UPDATED

March 2013

FEBRUARY 2013: Not much has changed since my last update. I continue to monitor PSA every 4 months. The PSA remains undetectable. Other than the sexual function, everything has returned to normal and I feel very fortunate indeed! The staff at Henry Ford Hospital have me on a comprehensive rehab program and I'm reasonable confident that the ED challenge will come back as well. If my experiences can help anyone going through this decision, please do not hesitate to contact me, I will be happy to discuss any and all issues with you.

UPDATED

April 2014

It has been 18 months since my prostate was removed robotically. PSA's have been taken every 3 months since and each has come back less than .06 or "undetectable". After four or five times my "PSA anxiety" has diminished to almost nothing. I have very little trouble with incontinence, only a little leakage when playing tennis or pickleball but if I combine golfing and a beer, look-out! However, sexual function is another matter. Although I did have the nerve-sparing surgery and did go through the rehab program of Viagra - Pump - Shots, that function still has not returned. Sometimes there is a glimer of hope but I'm starting to think that area may be lost or at least severely limited.

All-in-all I feel incredibly blessed. Life has returned to almost normal and except for that sexual area I can almost forget that I ever had prostate cancer. I thank God everyday for the skill of the surgeons and the robotic technology that made this chapter in my life so successful. Today I was reminded of another small blessing from this surgery when I went for my annual physical. The doctor put on the rubber glove and was getting out the lube when I reminded him there wasn't anything there that needed to be checked! He seemed as happy as I was to skip that part of the physical.

I wish you all well and I pray that your journey with this monster will come out as well as mine did.

UPDATED

May 2015

There is little to add to my previous posts. I have my PSA done annually now and it remains "undetectable". Concern over the next PSA test has gone completely, in fact after my last blood test I forgot all about getting the result until I went for my annual physical. Then again, maybe that's just old age.

I am noticing a slight increase of "leakage" occurrences. These continue to happen with exercise but now I am experiencing some with just normal, everyday moving around. The sexual function never returned on its own but it's still possible with some help from chemistry. The most effective of theses is the injection method. Not easy to do but it works!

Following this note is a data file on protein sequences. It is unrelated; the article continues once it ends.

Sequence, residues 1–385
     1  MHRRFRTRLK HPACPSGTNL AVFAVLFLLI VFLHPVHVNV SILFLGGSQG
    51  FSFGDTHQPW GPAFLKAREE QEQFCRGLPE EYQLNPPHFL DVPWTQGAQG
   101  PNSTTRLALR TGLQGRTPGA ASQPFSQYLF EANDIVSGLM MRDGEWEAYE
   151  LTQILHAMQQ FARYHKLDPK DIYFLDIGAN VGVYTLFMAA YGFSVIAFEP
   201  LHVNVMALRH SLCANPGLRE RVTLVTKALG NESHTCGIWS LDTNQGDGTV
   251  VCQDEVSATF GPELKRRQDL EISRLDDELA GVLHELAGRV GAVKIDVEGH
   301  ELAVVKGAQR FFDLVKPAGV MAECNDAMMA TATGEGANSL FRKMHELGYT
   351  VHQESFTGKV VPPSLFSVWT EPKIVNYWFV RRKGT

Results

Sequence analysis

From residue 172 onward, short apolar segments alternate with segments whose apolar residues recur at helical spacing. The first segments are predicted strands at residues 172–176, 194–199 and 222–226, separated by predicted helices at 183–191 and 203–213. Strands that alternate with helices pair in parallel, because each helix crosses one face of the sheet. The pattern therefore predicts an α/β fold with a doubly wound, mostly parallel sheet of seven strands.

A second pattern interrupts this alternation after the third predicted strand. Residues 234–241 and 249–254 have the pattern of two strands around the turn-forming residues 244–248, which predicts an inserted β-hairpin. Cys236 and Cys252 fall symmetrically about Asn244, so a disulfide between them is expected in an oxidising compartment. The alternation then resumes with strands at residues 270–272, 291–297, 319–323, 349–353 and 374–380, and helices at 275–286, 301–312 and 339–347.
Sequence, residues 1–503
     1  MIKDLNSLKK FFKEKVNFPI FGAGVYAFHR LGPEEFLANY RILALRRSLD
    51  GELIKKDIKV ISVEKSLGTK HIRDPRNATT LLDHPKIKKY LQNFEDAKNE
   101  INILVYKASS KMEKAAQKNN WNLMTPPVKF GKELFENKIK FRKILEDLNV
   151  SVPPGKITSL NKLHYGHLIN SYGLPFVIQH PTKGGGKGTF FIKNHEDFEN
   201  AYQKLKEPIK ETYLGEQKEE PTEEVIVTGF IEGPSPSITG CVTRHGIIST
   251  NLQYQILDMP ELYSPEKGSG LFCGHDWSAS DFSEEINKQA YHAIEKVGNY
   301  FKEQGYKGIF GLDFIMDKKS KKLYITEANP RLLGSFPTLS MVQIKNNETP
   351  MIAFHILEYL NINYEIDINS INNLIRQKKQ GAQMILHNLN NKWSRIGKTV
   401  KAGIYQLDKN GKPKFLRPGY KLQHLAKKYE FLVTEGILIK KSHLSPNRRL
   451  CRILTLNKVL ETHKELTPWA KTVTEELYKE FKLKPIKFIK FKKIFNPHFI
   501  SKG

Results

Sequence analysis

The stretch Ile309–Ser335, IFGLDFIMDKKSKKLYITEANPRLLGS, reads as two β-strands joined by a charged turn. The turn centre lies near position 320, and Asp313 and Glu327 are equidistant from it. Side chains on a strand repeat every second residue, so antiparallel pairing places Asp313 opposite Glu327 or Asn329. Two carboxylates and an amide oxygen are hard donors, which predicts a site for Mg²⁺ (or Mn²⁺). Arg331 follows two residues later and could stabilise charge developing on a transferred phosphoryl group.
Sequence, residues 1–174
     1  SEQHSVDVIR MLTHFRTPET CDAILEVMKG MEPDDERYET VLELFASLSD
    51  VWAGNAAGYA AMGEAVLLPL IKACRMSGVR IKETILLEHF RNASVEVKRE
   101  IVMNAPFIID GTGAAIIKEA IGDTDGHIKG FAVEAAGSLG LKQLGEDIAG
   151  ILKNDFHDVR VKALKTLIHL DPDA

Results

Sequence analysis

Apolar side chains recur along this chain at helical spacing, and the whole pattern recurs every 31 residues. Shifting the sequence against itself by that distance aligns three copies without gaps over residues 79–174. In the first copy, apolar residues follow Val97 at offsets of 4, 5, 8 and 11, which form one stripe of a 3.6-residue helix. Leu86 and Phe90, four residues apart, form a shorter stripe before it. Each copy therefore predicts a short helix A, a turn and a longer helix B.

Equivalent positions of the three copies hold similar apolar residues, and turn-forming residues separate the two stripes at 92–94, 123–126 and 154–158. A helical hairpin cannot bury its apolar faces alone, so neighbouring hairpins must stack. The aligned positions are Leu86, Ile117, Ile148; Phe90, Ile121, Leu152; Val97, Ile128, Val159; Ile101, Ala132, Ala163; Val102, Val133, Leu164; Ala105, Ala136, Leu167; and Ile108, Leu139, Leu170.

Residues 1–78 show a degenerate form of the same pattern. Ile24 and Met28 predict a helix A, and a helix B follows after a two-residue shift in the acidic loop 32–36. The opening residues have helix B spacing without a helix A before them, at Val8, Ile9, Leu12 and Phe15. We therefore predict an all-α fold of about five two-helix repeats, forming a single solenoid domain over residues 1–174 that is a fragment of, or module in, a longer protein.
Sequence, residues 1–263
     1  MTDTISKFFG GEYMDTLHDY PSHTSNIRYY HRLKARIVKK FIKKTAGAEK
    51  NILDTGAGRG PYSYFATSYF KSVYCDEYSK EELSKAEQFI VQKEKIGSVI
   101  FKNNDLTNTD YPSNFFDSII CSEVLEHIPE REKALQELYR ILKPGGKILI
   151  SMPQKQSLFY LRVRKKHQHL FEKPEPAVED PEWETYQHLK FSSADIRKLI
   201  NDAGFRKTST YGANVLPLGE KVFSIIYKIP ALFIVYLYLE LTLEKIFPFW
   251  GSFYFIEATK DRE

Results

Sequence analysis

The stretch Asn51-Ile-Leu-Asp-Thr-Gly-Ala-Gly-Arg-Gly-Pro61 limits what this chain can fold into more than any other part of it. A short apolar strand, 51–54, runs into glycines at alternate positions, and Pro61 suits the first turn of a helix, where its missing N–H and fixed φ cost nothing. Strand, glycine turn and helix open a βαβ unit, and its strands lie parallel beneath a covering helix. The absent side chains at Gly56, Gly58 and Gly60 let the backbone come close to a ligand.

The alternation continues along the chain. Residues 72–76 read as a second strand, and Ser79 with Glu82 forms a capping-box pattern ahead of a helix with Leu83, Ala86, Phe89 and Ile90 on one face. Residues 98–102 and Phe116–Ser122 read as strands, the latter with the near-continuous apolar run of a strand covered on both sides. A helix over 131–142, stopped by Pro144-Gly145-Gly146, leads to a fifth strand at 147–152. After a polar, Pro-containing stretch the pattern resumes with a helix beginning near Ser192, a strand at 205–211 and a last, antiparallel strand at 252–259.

Life is good and I'm incredibly blessed. I happy with choosing robotic surgery, knowing that everything is out of there gives me great piece of mind.

UPDATED

June 2016

It has been seven years since I was diagnosed, four years since having robotic surgery to remove the prostate. I have reached the point where I rarely think about the prostate or the cancer. After the many PSA test following surgery all coming back undetectable, the PSA anxiety has disappeared. I am truly fortunate in that the cancer was fully contained and that I have few side effects from the surgery. Dr. Menon at the Henry Ford Hospital in Detroit did a very fine job and I am eternally grateful.

I do have some occasional urinary issues when, without warning, a small amount of urine may be released. This often happens when I get up from a chair or when I'm participating in a sport such as golf or tennis. I really have little to complain about as using a thin 'panty liner' in my underwear will catch any small dribble that may happen.

I am no longer under the care of a urologist and only have a PSA taken once a year, monitored by my GP.

UPDATED

July 2017

It has now been eight years since I was diagnosed, five years since having robotic surgery to remove the prostate. This update is almost identical to last year's. My PSA remains "undetectable" and the side effects remain very manageable. The occasional urinary issues continue only as a small amount of urine release particularly when participating in a sport such as golf or tennis. I use a thin 'panty liner' in my underwear to save the embarrassment of a wet spot on my pants. My family doctor continues to monitor during a once-a-year standard physical. Sexual function is mostly gone, I'm sure that is a combination of the surgery and my age.

God is good and Life is good. I'm among the fortunate and I am still thankful every day!

Bill's e-mail address is: bklungle AT chartermi.net (replace "AT" with "@")